Seventies sequel to the groundbreaking sixties collection edited by Ellison , and is more of the same really ...

    ...

    ...

    ...

    ...

    ...

    ...

    ...

    ...

    ...

    ...

    ...

  • Christopher Rapcewicz
    Sep 20, 2018

    Again, Dangerous Visions was split into two for its mass market paperback release in 1973. This first half contains a few knockout stories, some pretty good ones, and a lot of mediocre ones. At twice the length of the original Dangerous Visions, I can?t help but think that maybe Elli...

    In 1969 Harlan Ellison edited the ground-breaking anthology Dangerous Visions. It was so successful commercially and in terms of award recognition, that a follow-up anthology known as Again, Dangerous Visions was released in 1972. This time it was so large as to be released in two volu...

    I've never read a short-story collection as uneven in quality as Again, Dangerous Visions 1. The bookend contributions make me feel a dumber, duller person for having read them, but there are real hits among the misses too. The Word for World is Forest is average for an Ursula K. Le Gu...

    A very mixed bag. I wouldn't class all of these as science or sepculative fiction, and there was an element of salaciousness to a few stories which felt unecessary/gratuitous. there are some gems, though - in particular those by Ursula K Le. Guin, Joanna Russ, and Kate Wilhelm. I look ...

    This is a classic anthology--the best of the New Wave that hit science fiction in the late 60s/early 70s. Writers were tasked with producing something "dangerous". Some were dangerous due to content--radical for the day--as in Ursula LeGuinn's fantastic radical environmental work "The ...

    This book is excellent. Fact. While not all of the stories are as punchy as andrew j. offutt's "For Value Received", or as stylistically interesting as Ross Rocklynne's "Ching Witch", everything in here is worthy of reading, even Ray Bradbury's poem. (And coming from a non-fan of po...

    Compared to Dangerous Visions, which struck me as almost uniformly brilliant, this sequel is longer and less impressive. The first half is about evenly split between excellent and ehh. The stories by Hollis, Gerrold, O'Donnell, Nelson and Anthony have the crazy snap of DV, and Le Guin'...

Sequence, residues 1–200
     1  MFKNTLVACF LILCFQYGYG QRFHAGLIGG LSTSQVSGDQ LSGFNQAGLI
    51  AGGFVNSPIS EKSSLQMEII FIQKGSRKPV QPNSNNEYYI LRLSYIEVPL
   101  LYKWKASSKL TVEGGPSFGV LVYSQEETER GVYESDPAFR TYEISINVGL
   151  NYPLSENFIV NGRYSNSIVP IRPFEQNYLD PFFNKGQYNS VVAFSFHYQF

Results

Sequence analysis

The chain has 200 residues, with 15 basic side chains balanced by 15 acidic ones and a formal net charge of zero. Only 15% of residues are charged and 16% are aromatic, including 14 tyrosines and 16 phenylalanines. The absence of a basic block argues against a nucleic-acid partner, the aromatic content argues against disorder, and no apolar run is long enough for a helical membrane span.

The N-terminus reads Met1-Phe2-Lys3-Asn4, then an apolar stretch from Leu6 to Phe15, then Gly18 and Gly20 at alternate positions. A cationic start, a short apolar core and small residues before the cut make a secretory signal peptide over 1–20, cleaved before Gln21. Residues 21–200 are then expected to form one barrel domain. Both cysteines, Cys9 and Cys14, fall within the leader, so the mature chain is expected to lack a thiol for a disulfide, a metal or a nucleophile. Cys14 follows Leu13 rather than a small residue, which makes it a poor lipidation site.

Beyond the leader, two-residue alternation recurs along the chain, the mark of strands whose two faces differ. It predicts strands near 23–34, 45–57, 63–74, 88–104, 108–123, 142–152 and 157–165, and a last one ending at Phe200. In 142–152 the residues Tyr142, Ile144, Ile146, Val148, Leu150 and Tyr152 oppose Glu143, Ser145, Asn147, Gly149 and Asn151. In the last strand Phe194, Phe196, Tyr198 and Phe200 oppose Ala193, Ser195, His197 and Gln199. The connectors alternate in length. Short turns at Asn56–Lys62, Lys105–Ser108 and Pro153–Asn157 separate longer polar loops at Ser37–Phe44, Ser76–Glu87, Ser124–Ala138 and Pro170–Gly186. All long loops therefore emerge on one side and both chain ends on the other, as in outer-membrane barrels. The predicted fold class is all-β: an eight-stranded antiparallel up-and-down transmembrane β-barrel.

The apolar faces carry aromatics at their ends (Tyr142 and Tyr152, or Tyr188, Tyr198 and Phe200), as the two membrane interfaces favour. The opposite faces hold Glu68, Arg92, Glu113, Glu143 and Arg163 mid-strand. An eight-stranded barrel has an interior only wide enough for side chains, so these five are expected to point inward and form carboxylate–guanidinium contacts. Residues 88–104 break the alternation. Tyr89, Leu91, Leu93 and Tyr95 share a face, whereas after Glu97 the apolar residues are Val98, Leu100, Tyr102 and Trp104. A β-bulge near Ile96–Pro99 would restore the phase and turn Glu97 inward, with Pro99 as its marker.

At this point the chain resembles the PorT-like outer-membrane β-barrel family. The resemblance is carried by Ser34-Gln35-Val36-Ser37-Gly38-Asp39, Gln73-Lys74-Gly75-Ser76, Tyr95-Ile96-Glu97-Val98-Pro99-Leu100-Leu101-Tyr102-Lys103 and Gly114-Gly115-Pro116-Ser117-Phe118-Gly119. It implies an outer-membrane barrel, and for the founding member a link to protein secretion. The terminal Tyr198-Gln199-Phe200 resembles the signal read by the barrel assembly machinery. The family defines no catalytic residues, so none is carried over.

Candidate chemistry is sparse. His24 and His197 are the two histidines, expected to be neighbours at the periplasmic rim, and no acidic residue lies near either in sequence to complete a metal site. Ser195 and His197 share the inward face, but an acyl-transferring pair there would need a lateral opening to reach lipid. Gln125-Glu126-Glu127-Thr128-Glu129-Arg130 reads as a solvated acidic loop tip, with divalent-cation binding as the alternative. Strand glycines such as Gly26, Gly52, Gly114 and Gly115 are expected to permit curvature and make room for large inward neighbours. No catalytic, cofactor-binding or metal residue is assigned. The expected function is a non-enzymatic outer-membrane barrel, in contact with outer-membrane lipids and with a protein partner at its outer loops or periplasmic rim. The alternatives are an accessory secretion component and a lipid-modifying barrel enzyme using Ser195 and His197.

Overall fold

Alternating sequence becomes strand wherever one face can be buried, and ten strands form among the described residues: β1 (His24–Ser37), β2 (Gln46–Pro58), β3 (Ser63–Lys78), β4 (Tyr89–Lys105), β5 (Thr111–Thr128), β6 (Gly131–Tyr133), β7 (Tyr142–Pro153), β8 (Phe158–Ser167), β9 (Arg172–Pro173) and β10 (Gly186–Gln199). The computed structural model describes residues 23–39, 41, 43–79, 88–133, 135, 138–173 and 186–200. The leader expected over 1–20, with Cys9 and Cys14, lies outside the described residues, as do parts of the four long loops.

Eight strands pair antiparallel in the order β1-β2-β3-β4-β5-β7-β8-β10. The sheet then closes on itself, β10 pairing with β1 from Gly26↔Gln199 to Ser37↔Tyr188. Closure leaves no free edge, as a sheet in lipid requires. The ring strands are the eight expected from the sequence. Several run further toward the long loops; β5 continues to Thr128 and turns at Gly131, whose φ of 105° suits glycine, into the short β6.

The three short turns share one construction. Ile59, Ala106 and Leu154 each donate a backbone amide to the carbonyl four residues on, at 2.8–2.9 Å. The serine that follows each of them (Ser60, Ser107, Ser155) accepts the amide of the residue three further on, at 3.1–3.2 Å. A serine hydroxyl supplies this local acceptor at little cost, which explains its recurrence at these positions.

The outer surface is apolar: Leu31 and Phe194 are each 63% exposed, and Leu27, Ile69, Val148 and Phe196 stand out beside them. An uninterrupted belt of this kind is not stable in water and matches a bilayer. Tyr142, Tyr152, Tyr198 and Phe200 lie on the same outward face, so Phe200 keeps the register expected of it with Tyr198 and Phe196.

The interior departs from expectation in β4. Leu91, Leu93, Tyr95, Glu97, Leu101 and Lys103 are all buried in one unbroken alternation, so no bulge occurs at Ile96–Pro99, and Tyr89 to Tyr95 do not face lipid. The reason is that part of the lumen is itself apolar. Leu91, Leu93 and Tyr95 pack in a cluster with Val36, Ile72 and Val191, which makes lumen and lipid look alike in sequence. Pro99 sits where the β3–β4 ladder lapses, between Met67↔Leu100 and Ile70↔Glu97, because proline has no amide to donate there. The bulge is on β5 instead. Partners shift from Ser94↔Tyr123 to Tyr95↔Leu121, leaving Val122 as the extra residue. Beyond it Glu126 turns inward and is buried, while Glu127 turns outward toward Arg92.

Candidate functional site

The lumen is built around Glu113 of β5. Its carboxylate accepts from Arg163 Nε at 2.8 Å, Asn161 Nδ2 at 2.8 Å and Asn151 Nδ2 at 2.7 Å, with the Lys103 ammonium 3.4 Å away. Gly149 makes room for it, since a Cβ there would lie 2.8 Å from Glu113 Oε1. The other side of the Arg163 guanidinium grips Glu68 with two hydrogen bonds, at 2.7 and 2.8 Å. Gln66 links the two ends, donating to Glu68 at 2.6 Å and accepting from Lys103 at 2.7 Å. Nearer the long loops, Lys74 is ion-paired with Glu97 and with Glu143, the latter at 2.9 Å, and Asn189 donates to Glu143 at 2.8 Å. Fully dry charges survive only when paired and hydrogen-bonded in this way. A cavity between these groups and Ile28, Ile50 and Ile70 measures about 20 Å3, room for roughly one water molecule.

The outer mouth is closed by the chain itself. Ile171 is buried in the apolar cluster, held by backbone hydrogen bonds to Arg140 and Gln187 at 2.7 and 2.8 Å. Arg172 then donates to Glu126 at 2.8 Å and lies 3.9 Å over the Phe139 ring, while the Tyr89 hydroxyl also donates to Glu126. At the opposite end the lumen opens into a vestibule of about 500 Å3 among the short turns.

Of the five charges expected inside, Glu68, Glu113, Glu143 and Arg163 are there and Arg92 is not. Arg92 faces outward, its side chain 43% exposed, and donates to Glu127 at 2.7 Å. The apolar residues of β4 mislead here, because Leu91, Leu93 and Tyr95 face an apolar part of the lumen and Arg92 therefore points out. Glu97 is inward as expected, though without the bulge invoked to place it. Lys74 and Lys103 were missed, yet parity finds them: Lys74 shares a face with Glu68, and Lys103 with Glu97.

Until 20 years or so ago, I would have rated this one a 5-star; I probably read it half a dozen times. But anymore when I browse sections, the times have passed it by, not the ideas so much as the language of the times. Still some incredible stories in there. ...

    It was a 1970s SF compilation. You expect it to be hit and miss. And a bit pretentious. The hits (including the likes of Vonnegut and Le Guin) make up for the misses. ...

    Ellison, enfant terriblé of the New Wave of Science Fiction of the '60s, edited this influential anthology. ...

    Pretty visionary and interesting sci-fi story compilation from the late-60s/early 70s. Sci-fi touched by psychedelia, rather novel stuff and lots of fun. ...

    Seventies sequel to the groundbreaking sixties collection edited by Ellison , and is more of the same really ...

    ...

    ...

    ...

    ...

    ...

    ...

  • Tomislav
    Jul 19, 2017

    Again, Dangerous Visions was split into two for its mass market paperback release in 1973. This first half contains a few knockout stories, some pretty good ones, and a lot of mediocre ones. At twice the length of the original Dangerous Visions, I can?t help but think that maybe Elli...

    In 1969 Harlan Ellison edited the ground-breaking anthology Dangerous Visions. It was so successful commercially and in terms of award recognition, that a follow-up anthology known as Again, Dangerous Visions was released in 1972. This time it was so large as to be released in two volu...